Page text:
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Climate policy can be linked to development

Climate policy can be linked to development

Located in Sweden Now in recession. of Sweden The Norwegian Economic Institute said gross domestic product will fall by 1.1 percent this year. Unemployment is expected to end at eight percent. In other words, these are dark times. In addition to more people being out of work, a lack of economic growth means less money for welfare, lower wages, and companies waiting to invest.

But nothing about recession and shrinking GDP? Is a shutdown of economic activity good for the climate?

This is a common concept within parts of the environmental movement. The message is that we cannot have eternal growth and at the same time keep global temperature increase to the 1.5 degree target. The idea is that the human pursuit of wealth is fundamental to climate change.

To a large extent that is true. Industrialization led to enormous economic growth, but also carbon dioxide emissions. If the industrial boom had never taken place, and the majority of people in Europe had been running small farms, the emissions curves would not have been so steeply upward.

However, there is no reason to dream back to the pre-industrial era or to conclude that standards of living in the Western world must regress, and that developing countries should not embark on the same economic journey.

The underprivileged Elements of the environmental movement miss the fact that economic growth is a central aspect of the human effort to make life better. No growth, no welfare state, no social insurance and no improved healthcare. Abandoning growth means not only people going without ten pairs of jeans and three vacation trips to New York a year, but also lower life expectancy, worse treatments for the chronically ill, and lower pensions. And large groups of people in developing countries live in poverty.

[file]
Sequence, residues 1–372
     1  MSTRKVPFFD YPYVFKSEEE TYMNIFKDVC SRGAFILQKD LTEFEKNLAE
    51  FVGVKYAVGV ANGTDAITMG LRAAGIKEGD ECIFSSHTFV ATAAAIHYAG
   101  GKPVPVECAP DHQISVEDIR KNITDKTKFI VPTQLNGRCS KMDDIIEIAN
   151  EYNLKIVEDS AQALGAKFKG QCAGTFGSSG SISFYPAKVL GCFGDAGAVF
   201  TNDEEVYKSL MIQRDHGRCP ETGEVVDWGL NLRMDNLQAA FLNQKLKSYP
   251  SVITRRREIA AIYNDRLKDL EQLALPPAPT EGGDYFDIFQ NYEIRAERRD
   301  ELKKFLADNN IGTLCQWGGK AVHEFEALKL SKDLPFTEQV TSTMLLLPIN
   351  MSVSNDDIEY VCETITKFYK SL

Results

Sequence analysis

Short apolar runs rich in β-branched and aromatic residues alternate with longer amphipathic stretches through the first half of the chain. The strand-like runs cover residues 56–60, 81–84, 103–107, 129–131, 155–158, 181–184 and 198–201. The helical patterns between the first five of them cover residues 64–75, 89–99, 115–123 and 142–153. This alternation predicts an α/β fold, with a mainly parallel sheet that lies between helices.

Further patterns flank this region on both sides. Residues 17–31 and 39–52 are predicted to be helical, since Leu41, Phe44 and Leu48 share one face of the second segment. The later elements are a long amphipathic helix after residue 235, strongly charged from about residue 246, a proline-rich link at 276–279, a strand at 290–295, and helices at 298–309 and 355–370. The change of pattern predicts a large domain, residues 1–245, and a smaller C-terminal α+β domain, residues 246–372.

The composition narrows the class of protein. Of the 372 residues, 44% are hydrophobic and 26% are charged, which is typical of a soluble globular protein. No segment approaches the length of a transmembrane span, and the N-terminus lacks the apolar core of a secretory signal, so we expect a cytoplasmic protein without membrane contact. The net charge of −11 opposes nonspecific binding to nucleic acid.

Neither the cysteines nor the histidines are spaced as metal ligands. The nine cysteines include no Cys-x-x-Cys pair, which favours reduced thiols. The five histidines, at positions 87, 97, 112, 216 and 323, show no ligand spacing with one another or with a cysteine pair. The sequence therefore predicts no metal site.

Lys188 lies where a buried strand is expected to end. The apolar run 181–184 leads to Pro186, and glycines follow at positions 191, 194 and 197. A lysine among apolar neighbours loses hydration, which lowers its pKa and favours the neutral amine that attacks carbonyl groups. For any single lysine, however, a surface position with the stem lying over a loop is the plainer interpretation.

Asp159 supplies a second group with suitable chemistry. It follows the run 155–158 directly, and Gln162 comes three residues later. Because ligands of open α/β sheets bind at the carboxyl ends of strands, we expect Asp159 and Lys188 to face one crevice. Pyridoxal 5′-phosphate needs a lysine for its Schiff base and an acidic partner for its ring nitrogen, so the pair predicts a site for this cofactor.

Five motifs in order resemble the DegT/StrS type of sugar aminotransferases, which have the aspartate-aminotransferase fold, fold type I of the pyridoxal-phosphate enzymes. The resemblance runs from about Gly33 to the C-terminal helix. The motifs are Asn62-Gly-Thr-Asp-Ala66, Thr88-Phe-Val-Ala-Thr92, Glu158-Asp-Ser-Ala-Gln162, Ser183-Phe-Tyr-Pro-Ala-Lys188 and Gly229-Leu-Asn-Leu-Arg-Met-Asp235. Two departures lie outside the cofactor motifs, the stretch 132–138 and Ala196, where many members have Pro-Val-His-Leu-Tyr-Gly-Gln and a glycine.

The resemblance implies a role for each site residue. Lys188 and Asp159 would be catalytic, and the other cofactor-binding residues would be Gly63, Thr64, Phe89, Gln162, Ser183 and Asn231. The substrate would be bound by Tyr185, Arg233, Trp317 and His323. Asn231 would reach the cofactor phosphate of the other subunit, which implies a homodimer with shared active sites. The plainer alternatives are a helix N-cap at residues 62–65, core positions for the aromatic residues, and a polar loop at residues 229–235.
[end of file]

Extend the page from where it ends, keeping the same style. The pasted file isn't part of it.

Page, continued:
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In other words, growth is something we should encourage. But burning coal and oil is not sustainable, just as climate change is not. Economic development must take place within the framework of an ecologically sustainable framework. But is it possible?

Yes, if National Economist Jonas Grafstrom is to be believed, who has just released a new one Report On behalf of Timbro. Over the past few decades, he has gone through the numbers. In Europe, emissions fell by 25 percent while the economy grew by 60 percent. In Sweden, we have become twice as rich in 30 years, but emissions have fallen by a third. Even as many products are manufactured overseas, emissions have fallen. From 2008 to 2018, consumption-based emissions fell by a fifth. Because the countries we import goods from, mostly other European countries, have reduced exports.

The reason growth increases when emissions fall is because growth is not just about producing more. It is about producing and consuming more efficiently.

Like LED lights. Something like this uses 80 percent less energy than a regular light bulb, but people don’t buy more lights for it. Productivity improvements generally create more value than increased output, and economic growth creates better and more energy-efficient products.

That it works Linking growth to reduced emissions is a conclusion drawn by environmental scientists at University College London (UCL). Report Since last year. They note that it is even possible to reach the 1.5 degree target without sacrificing growth. According to the researchers, countries that manage to reduce emissions through technological development and transition to non-fossil electricity generation will also see growth.

Does this mean the problem is solved and we can “carry on” as usual? No, of course not. Even to achieve climate goals, politics must step up and steer development in a sustainable direction. It is good that emissions have fallen in Europe over the past 30 years, but they must fall faster. In addition, large emitters such as China and India must adjust. Otherwise, the goals cannot be achieved. Researchers at UCL state, for example, that it is absolutely necessary for the entire world to stop using coal as an energy source.

Unfortunately, we are far from that today. For example, both Germany and Great Britain have recently restarted old coal-fired power plants to deal with the energy crisis. This is a huge setback and sends the wrong signal to the rest of the world.

But if there is political will, we can pursue ambitious climate action without becoming poor.

read more: A realistic climate policy is needed